2011-03-13

Troubleshooting USB device development...

...or how I learned to stop worrying and love Windows' Code 10 ("This device cannot start.")

Let's face it, when it comes to USB device development, the USB stack on Windows is a lot more unforgiving than its Linux counterpart. Now, the problem of course is, Windows being Windows, it does its hardest at hiding what the technical details of a problem are, but instead will spew generic error codes that are only just a notch above useless.

Today's error: the dreaded "This device cannot start. (Code 10)" from the device manager (or CM_PROB_FAILED_START if you're using a WDK related app)  whenever it sees an USB device that it doesn't like. As Tim Roberts puts it here,
CM_PROB_FAILED_START means that your driver loaded, passed through DriverEntry, passed through AddDevice, and then failed during IRP_MN_START_DEVICE.
In layman's terms, this means that the issue occurs during the USB transfers that Windows issues with the device, after the driver has been setup and the device instance has been (re)created. Indeed, Windows does not simply stop communicating with the USB device once it's been instantiated internally; there are a few additional commands that are issued, such as retrieving the String Descriptors, as well setting the Configuration or setting the interface, if Alt Interfaces are provided. Officially of course, Windows does not offer a user API to control the latter, but it still needs to issue these control commands to the device, in order to place it in a known state. And if your device firmware is improperly setup (eg. stalls on any of these commands), Windows will fail the device altogether.

So now of course the question becomes, how can I tell if any of the later Control Transfers are failing?


LogMan and NetMon

To do that, you want an USB analyzer (or you can try the USB consortium's USB Command Verifier, however, despite asking for $2000 a pop for a VID, the USB IF are cheapskate enough not to provide an app that comes with signed Windows drivers, so you have to run a pretty intrusive EHCI driver in test mode). If you're on a 64 bit system, or a recent version of Windows, and you want a free solution, this can be problematic, as SnoopyPro doesn't seem to work that well there. However, in recent versions of Windows, you can get some decent snooping of the USB transfers through NetMon and the CodePlex USB Parsers. The whole process is detailed in this post.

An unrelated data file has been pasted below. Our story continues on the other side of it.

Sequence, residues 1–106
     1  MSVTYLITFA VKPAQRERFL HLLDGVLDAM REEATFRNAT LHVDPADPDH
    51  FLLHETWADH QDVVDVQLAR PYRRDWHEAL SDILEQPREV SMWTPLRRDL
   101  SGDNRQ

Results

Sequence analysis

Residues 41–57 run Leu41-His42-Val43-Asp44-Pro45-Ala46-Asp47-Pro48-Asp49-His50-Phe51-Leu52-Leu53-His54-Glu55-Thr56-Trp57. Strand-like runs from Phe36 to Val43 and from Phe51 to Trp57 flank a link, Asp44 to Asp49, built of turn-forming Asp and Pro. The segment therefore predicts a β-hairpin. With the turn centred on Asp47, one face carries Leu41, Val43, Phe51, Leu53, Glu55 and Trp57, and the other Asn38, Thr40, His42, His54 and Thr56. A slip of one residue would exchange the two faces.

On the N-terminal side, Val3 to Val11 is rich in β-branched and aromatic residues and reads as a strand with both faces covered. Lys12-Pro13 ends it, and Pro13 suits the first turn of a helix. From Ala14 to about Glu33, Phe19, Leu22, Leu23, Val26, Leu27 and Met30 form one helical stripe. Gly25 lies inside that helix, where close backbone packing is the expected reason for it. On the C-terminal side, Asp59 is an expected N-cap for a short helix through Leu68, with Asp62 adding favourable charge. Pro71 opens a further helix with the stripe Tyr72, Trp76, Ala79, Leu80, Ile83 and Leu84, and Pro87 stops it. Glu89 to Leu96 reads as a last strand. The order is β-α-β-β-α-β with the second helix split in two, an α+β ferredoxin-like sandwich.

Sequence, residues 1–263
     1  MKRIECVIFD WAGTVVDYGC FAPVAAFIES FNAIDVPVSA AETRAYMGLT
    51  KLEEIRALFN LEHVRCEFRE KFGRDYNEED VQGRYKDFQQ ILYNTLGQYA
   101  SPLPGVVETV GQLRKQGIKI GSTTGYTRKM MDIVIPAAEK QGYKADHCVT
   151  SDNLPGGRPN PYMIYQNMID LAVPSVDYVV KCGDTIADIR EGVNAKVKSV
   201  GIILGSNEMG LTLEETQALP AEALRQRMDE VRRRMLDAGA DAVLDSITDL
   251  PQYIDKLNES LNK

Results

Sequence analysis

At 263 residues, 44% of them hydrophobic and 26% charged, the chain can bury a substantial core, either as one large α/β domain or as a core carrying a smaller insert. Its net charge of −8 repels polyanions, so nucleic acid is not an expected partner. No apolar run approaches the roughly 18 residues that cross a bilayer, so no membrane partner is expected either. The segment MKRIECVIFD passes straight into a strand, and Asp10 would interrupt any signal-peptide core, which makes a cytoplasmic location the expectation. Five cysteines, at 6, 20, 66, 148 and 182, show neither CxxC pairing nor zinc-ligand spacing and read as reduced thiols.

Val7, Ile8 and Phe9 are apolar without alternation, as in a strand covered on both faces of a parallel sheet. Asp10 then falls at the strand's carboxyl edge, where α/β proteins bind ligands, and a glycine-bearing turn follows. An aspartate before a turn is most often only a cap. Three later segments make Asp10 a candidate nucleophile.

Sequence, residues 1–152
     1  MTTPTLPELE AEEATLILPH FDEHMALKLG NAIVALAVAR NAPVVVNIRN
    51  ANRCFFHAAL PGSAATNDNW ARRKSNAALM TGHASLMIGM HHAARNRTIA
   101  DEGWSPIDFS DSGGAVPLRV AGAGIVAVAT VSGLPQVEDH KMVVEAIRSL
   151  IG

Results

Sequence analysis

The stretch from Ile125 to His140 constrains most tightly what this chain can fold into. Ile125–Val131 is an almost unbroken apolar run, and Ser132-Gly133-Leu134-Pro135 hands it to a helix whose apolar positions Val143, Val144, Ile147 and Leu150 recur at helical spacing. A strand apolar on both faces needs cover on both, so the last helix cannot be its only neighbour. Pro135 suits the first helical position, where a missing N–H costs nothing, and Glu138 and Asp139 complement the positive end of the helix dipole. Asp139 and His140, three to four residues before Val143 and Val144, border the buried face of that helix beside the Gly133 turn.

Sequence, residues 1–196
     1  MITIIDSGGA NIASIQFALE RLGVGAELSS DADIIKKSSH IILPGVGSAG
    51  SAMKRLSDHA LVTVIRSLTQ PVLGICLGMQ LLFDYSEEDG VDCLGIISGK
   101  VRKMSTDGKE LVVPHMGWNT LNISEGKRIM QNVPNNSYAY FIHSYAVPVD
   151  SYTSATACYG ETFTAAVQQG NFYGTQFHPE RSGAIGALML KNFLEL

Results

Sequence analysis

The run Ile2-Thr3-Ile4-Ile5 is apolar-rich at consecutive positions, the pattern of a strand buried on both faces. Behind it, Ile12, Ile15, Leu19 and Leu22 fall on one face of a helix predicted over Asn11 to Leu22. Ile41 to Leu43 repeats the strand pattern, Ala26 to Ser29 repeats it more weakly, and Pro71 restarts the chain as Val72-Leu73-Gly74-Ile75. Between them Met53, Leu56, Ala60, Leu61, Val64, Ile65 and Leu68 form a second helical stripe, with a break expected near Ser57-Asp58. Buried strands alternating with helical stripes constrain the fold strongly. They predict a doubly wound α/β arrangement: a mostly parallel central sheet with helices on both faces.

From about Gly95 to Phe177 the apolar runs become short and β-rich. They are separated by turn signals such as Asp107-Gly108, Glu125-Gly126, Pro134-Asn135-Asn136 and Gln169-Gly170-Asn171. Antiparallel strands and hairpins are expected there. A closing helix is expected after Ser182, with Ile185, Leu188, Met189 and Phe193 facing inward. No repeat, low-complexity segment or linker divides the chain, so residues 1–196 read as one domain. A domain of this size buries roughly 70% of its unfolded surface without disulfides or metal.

Once you have these tools, run the following from an elevated command prompt to start a trace (NB: you can dump hub traffic as well, as per the Microsoft post, but if you're troubleshooting a standard USB device, you probably don't care much about that part):
Logman start Usbtrace -p Microsoft-Windows-USB-USBPORT -ets -nb 128 640 -bs 128 -o dump.etl
Then just plug in your device, so that you get the Code 10 / CM_PROB_FAILED_START error, and then stop the trace with:
Logman stop Usbtrace -ets


Analysing the trace

And now you have a trace in NetMon. Now what? Well, a couple of things.
First, you might want to isolate the Control Transfers that deal with your device only. If you're using a device with VID 0x1234, this can be done as follows (There's probably a way to simplify this - haven't found it yet...):
USBPort.USBPORT_ETW_EVENT_DEVICE_INITIALIZE.fid_USBPORT_Device.idVendor == 0x1234 OR
USBPort.USBPORT_ETW_EVENT_DISPATCH_URB_FUNCTION_CONTROL_TRANSFER.fid_USBPORT_Device.idVendor == 0x1234 OR
USBPort.USBPORT_ETW_EVENT_COMPLETE_URB_FUNCTION_CONTROL_TRANSFER_DATA.fid_USBPORT_Device.idVendor == 0x1234 OR
USBPort.USBPORT_ETW_EVENT_DISPATCH_URB_FUNCTION_CONTROL_TRANSFER_EX.fid_USBPORT_Device.idVendor == 0x1234 OR
USBPort.USBPORT_ETW_EVENT_COMPLETE_URB_FUNCTION_CONTROL_TRANSFER_EX_DATA.fid_USBPORT_Device.idVendor == 0x1234 OR
USBPort.USBPORT_ETW_EVENT_COMPLETE_INTERNAL_URB_FUNCTION_CONTROL_TRANSFER.fid_USBPORT_Device.idVendor == 0x1234 OR
USBPort.USBPORT_ETW_EVENT_ENDPOINT_OPEN.fid_USBPORT_Device.idVendor == 0x1234
That's better. But more importantly, you want to check for errors, which could be done like this for a Pipe Stall:

USBPort.USBPORT_ETW_EVENT_COMPLETE_INTERNAL_URB_FUNCTION_CONTROL_TRANSFER.ControlTransfer.Urb.fid_URB_Hdr_Status == 0xc0000004

Or by the much more generic error filter from Load Filters -> Standard Filters -> USB -> USB Error Events, which translates to the following:
(USBPort AND NetEvent.Header.Descriptor.Opcode == 34) OR
(USBHub AND NetEvent.Header.Descriptor.Opcode == 11) OR
(NetEvent.Header.Descriptor.Level == 0x2) OR
(USBHub AND NetEvent.Header.Descriptor.Id == 210) OR
(Property.USBUrbStatus != "success" && Property.USBUrbStatus != "")

If you're lucky, then you might find that your device has raised something like USBD_STATUS_STALL_PID during one of the post Device_Initialize Control transfers. If so, then you're halfway there: find the corresponding section of code in your firmware, fix it, and Windows should be a lot happier about your device...

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